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About : Random Photoshop tricks, texture orientated.
Target Audience : Photoshop users – Intermediate
Platform : Photoshop
Latest Update : March 2008


This tutorial will explain a number of random Photoshop tricks that can be handy for texture creation. The tutorial does not aim to explain how to create a texture from start to end. It only covers techniques that aren’t hugely well known as I didn’t wanted to write yet another tutorial on the same old subjects again. I personally use all of these techniques regularly to help me create textures. A lot of these tricks are very simple, but handy.

I use Photoshop 7, so some pictures may be slightly outdated. It will work for any version though.

The Tricks

Color Overlay

This is a very simple technique that can be achieved in various ways. I personally simply create a layer, fill it with a color, and put it to Overlay, but you could just as well use the Layer Style, or the Image Adjustments menu. I always blend a color layer on top of a texture to make its colors more consistent.

Simply create a new layer, and fill it with any color. Put the layer to Overlay, and then open Image – Adjustments – Hue and Saturation and tweak the color of your newly created overlay until you have the desired result.

The right part of the image has a yellow overlay. This works great to give the entire texture the same kind of color, and to make sure that all textures in the package, have a similar color. It may also a good idea to apply a subtle (low contrast) cloud filter to the overlay, to add additional but very subtle variation.
If you have to do this for many different textures, it may be quicker to create a style for the color, and simply keep on reapplying the style.

Adding variation with Color Range

Using the Color Range selection tool, and then darkening those pixels, works well to add some variation to otherwise monotone textures.

Use the Color Range tool from the Select menu, and select something with it. It usually works best if you make it select only the darker pixels. Don’t Fuzziness too high. I usually keep it below 60-70. Ok it if you are happy with the selection.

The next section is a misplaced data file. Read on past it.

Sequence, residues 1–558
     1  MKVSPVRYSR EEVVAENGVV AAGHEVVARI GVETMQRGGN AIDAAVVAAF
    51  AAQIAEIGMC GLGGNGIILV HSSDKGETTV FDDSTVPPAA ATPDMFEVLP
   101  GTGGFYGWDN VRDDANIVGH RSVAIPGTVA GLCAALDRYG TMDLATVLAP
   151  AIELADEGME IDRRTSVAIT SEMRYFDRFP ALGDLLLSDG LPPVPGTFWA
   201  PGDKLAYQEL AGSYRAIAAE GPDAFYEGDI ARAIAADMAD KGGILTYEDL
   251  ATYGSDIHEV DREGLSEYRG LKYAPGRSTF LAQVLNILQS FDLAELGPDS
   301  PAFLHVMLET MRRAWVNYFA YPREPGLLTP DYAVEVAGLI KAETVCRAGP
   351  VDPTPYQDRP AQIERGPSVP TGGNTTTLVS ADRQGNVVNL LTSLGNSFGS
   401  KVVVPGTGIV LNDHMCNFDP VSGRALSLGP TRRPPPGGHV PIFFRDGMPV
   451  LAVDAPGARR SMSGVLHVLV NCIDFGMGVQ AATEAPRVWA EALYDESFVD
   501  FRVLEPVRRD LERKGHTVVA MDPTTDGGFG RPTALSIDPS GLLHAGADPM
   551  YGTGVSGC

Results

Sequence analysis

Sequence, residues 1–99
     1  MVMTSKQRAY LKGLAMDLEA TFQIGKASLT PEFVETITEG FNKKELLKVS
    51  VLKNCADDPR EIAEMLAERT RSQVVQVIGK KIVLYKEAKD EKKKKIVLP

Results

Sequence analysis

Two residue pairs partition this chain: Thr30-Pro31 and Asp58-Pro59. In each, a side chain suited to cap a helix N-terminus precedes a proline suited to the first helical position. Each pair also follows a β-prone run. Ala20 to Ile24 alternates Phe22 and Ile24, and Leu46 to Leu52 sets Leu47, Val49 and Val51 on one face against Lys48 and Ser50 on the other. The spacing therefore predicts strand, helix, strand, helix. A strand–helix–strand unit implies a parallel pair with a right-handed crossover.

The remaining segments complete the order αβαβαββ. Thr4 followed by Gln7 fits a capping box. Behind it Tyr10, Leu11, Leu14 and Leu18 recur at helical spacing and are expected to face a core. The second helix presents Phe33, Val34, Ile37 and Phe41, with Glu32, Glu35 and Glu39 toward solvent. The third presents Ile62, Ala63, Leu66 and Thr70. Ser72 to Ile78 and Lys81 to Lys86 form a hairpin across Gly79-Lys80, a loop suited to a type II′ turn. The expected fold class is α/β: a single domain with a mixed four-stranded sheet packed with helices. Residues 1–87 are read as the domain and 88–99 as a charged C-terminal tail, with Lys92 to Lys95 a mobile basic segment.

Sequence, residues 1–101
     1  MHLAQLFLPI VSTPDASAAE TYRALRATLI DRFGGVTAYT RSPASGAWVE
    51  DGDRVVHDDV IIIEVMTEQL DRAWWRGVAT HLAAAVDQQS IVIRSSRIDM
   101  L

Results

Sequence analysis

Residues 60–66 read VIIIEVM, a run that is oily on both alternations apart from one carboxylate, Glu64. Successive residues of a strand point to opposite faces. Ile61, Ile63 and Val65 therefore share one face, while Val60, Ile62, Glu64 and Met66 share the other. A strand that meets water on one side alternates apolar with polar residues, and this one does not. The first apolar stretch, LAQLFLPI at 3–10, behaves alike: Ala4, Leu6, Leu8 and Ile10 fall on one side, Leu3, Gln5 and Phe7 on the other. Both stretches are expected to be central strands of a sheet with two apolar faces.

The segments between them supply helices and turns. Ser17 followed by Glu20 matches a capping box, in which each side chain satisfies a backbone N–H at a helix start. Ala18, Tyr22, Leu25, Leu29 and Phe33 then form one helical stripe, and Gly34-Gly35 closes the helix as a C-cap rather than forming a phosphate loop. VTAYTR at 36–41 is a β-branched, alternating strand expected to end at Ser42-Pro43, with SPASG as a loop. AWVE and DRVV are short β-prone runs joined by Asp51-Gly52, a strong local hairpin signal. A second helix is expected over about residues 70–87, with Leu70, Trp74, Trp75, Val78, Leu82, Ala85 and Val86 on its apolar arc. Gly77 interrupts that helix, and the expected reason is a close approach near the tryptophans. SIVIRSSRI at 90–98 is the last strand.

Next, either use the Image – Adjustments – Hue and Saturation tool, or add a new Adjustment Layer. Using an Adjustment Layer usually gives you more control and should be preferred.At the bottom of the layer window, click the New Fill/Adjustment Layer button.

The Hue and Saturation layer will take over your selection, and only be active for those areas that you had select.Open it up, and drag down the brightness and saturation a lot.

The right side has variation applied achieved with Color Range. If the result looks too pixilated, it usually helps blurring the Mask map from the Hue and Saturation Layer slightly, using the result Gaussian Blur filter.

Here is another quick example.

I selected the bright pixels this time, lowered their brightness a little, raised the contrast a little using Levels, and then used the same selection to add a color layer on top, like explained in the first item, and added more color variation that way. Finally I also added a general color layer on top, covering the whole thing. I went from the left texture to the right one in about 30 seconds.
Messing with the bright pixels can be tricky as it might look bad when you try to lower the brightness of bright pixels. Blurring the selection a bit may help for that.

Leveling the Brightness with High Pass

This technique has been around for a while, but it can be really handy. It has been explained before, but it doesn’t hurt covering it again.
If you have a texture that is too affected by lighting to get it to tile properly, like following texture.

The texture was offsetted by 50 percent, and the tiling issue is very obvious. The bottom half of the texture was considerably darker than the top, making it hard to turn into something tillable.